1) Education on the Constitution. You can't tell what rights you may be losing if you don't know what they are to begin with. You also can't identify behavior that is forbidden by our Constitution, or reserved for other than the Federal Government, if you don't know what our Constitution does and doesn't say. Our "public schools" do a very poor job of teaching both the letter of the Constitution, and "the rest of the story" - the Federalist/Anti-Federalist exchange of letters that helped form both the debate for acceptance, the huge public debates, and the thousands of letters that influenced the actual structure and content of the Constitution. I doubt more than one in ten-thousand US citizens has ever read ANY of the "Federalist Papers", although they're freely available online. They're just some of the historical documents that helped shape our fledgling nation that are stored at Thomas, the Library of Congress access portal.

2) Internal communication. An organization that can bring tens of thousands of signatures to a petition, or write tens of thousands of letters to the White House or Congress, or organize a demonstration of a half-million people can have serious impact on legislation, even in an all-Democratic Party government. That means developing lists of people, their home and email addresses, their telephone numbers, and what THEY WANT out of participating in this movement.

3) A list of well-defined, common objectives. There are a number of things that most Americans can agree on as legitimate objectives of both a political and a social organization such as the Tea Parties. My personal list would include:

  • repeal of the 17th Amendment, returning power to the States to appoint Senators, instead of having them bought by the highest bidder.

  • Elimination of several different taxes, including the Inheritance (or "death") tax, certain excise taxes, motor vehicle taxes, double-taxation on investment income and savings, etc.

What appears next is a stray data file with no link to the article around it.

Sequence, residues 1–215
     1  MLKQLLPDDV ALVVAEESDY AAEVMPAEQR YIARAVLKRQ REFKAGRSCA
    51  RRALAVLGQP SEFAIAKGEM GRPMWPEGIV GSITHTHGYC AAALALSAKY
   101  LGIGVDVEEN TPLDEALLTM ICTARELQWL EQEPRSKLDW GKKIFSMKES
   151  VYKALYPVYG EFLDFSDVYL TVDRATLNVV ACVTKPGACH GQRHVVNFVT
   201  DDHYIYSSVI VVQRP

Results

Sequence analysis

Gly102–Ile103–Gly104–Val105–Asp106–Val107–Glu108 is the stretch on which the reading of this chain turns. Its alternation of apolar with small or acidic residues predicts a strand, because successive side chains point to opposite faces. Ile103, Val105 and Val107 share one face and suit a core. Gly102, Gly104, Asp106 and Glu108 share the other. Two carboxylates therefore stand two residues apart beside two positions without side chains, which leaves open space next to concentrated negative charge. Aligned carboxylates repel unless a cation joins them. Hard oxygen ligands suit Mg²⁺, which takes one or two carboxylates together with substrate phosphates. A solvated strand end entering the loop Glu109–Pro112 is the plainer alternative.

• Elimination of about half the Federal bureaucracy, and the shutting down of "temporary" offices whose usefulness expired decades ago.

  • Eliminating the power of unelected bureaucrats to institute new regulations and restrictions.

  • The review, repeal, re-write, or re-examination of every single US law that is currently "on the books", and reducing them to the absolute MINIMUM necessary to maintain an equitable society.

  • Term limits for members of Congress, the Senate, the Federal judiciary, and other elected or appointed positions.

I'm sure Tea Party members could add significantly to this list.

4) A program to get the attention of our "elected officials", including the President. That includes larger, noisier, and more robust (but orderly) Tea Parties, writing campaigns, public speaking engagements, involvement with local political organizations, and anything else that will eventually force those officials to respond. A sure-fire attention-getter is to hit politicians where it hurts them the most - in their wallet. Imagine the impact upon an elected official if there were a total boycott of one of the recipients of their "earmarks", including a daily picket line protesting the waste. Another excellent tactic is to find a major contributor to a particular candidate that has nationwide locations (Wendy's, JC Penneys, Sears, Allstate Insurance, etc - even Boeing or United Airlines), and organize a boycott of their products. The only three things that must be addressed first is a) whether or not the particular company is truly a prime contributor to the targeted candidate, b) whether the proposed boycott would have any effect (kind of hard to boycott the military, or have any influence when a particular candidate is running unopposed), and c) the legality of such a boycott.

5) Get more involved in the process of choosing candidates - at EVERY level. If enough people are involved, it'll be far more difficult to have a candidate forced upon the electorate that shouldn't be.

I'm looking forward to what the future brings. It promises to be entertaining, if nothing else.